Board eyes hauling permit law upgrade

Published 5:00 am Wednesday, April 8, 2009

Lincoln County supervisors are considering the creation of a newpermitting system designed to eliminate thru truck traffic oncounty roads.

Supervisors ended their Monday meeting with a long, chargeddiscussion on the potential system, which would likely require thehiring of a new sheriff’s deputy whose sole duties would bepatrolling county roads and issuing citations to trucks withoutpermits.

District Four Supervisor Doug Moak said the new system would addteeth to the enforcement of an existing permitting system and wouldtarget only out-of-county trucks shortcutting through on countyroads. Permits for traveling on county roads would only be issuedto local drivers and those doing business in the county, hesaid.

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“I don’t have any problem with the local people, I’m trying toreduce the thru traffic – loggers and heavy loads coming in fromWilkerson, Franklin or Amite County,” Moak said. “I’d rather seethem use the highways rather than our county roads. Obviously, wewouldn’t give them a permit unless they were working in ourcounty.”

Moak said he foresees the law enforcement position beginning asfull-time and possibly scaling back to part-time in the future. Hesaid a new county agency could be created, but the easiest solutionwould be to hire a new deputy, who would already have the authorityto stop vehicles and issue warnings and citations.

“They would be out patrolling the roads and they would have theauthority to pull over any loaded truck they saw and ask for apermit,” Moak said. “I would rather start out with some warningsand move on to citations later on.”

Supervisors agreed a new position within the sheriff’sdepartment would be needed for the permitting system, as officersshould not be pulled away from their duties to scout for trucks dayafter day. Lincoln County Sheriff Steve Rushing estimated theposition would require $40,000 annually for payroll andbenefits

“Now, the way we work it is we try to check trucks as we seethem,” said Sheriff Steve Rushing. “I don’t have the manpower toput someone full-time checking permits.”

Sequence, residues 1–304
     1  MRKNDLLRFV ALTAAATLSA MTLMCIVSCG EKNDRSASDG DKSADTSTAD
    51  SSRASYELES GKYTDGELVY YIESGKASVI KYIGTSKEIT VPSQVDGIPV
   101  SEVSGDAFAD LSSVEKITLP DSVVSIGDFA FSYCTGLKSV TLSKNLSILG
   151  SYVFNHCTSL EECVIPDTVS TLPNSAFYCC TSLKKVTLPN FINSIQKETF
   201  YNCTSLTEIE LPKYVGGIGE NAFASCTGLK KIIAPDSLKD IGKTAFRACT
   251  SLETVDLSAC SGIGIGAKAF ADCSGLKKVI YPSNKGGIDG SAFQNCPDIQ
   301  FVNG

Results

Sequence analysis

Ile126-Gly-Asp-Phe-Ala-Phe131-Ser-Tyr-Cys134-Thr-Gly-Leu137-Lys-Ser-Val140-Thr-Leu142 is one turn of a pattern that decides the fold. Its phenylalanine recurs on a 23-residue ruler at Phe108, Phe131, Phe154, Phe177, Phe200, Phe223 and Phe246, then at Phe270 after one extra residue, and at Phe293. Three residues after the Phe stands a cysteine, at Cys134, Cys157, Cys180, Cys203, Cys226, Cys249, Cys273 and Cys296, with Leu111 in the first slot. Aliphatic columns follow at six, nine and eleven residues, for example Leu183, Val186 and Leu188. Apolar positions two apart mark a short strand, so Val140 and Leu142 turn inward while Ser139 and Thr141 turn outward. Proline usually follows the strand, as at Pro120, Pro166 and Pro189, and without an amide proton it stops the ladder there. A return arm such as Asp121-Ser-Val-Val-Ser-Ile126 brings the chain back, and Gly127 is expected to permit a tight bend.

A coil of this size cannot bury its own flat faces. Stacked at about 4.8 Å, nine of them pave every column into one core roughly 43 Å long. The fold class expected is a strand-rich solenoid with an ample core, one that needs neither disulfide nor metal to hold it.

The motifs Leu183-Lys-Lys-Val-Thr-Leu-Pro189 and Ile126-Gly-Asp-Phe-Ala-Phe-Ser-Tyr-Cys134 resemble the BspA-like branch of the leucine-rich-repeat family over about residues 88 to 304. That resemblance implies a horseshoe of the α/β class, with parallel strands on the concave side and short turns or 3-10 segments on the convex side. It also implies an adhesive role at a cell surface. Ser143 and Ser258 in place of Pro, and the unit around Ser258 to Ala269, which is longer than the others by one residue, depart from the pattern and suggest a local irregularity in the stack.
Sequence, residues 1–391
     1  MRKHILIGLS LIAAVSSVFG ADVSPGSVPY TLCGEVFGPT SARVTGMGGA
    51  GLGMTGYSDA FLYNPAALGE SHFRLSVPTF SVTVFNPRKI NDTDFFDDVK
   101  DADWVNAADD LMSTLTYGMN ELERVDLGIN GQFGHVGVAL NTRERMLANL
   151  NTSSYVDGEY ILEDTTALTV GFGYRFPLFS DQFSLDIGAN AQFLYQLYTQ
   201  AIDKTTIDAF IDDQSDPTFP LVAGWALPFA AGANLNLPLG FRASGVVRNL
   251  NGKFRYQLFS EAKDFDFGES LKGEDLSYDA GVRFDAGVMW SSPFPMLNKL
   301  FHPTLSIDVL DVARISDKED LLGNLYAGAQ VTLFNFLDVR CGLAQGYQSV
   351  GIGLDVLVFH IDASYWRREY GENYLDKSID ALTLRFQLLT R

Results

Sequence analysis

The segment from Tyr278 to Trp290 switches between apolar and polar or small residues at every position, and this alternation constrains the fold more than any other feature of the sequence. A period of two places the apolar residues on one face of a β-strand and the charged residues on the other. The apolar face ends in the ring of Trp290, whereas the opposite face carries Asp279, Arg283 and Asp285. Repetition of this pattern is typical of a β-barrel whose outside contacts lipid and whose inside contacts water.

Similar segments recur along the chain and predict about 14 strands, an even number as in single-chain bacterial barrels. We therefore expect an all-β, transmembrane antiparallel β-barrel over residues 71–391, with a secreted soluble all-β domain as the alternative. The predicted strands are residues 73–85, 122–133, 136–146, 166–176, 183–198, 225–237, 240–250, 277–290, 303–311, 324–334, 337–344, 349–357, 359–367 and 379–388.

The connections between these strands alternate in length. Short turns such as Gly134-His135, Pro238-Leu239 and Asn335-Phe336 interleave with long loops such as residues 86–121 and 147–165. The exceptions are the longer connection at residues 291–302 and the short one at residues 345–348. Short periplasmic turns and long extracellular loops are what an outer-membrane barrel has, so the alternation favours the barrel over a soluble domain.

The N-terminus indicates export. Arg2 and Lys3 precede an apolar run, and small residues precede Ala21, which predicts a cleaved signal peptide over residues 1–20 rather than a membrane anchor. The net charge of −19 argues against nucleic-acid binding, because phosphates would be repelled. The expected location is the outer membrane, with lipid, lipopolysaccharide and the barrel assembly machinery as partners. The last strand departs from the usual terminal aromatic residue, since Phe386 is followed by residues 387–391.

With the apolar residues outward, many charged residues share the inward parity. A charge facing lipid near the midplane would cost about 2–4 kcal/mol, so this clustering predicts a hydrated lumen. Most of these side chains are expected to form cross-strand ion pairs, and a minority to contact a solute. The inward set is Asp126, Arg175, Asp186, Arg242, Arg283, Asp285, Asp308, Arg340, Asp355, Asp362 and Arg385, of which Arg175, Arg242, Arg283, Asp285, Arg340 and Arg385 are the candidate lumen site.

Supervisors’ discussion on the new system is still in its earlyphases, with much to be determined. The one certainty amongsupervisors is that a new system is needed and the old one is notbeing utilized.

A call to the Lincoln County Justice Court suggested the currentsystem is not being utilized. A spokeswoman indicated the court hasseen few, if any, permit citations.

“It’s to protect our county roads,” Moak said. “Even our StateAid roads, the older ones are only designed for around 57,000pounds. You can ride down almost any State Aid road in the mydistrict and see wheel ruts where traffic is cutting through. A lotof the time they’re using the county roads because they’reoverloaded in the first place.”

Supervisors President the Rev. Jerry Wilson said a heavy truckonce drove right through the middle of a reseal project in hisdistrict.

“You have to enforce the law,” he said. “Sometimes it ain’talways enforced. You try to go out there and talk to [truckers],but you never see them. The damage has been done, and you’re stuckwith the road and have to fix it.”

Wilson said he hopes the new permit enforcement position can befilled by a part-time employee, but admitted the large workload ofpatrolling the entire county would require a lot of time.

Creating a permit cop is a good idea to Vernell Qualls, a KatieTrail resident who has publicly voiced his community’s displeasurewith shortcutting trucks before. Katie Trail, a small, deterioratedroad close to Bogue Chitto, connects Highway 51 and Auburn Drive,and is often used by commercial trucks as a shortcut, he said.

“I can understand why they do it – because the law hasn’t beenenforced in the past,” Qualls said. “If new people are coming onboard to enforce the law, it would be helpful. As long as it wouldhelp anyone in the community, I’m in favor of it.”

Jerry Meador knows that some of the big trucks traveling backand forth in front of his home on Bogue Chitto Road are localwoodworkers, and he supports them. But out-of-county trucks shouldstick to the federal and state highways, he said.

“Our local folks have to make a living… this road’s as muchtheirs as it is mine,” Meador said. “But if someone is doing alittle cut through here, and they’re not paying taxes, then yeah,they ought to have a little enforcement.”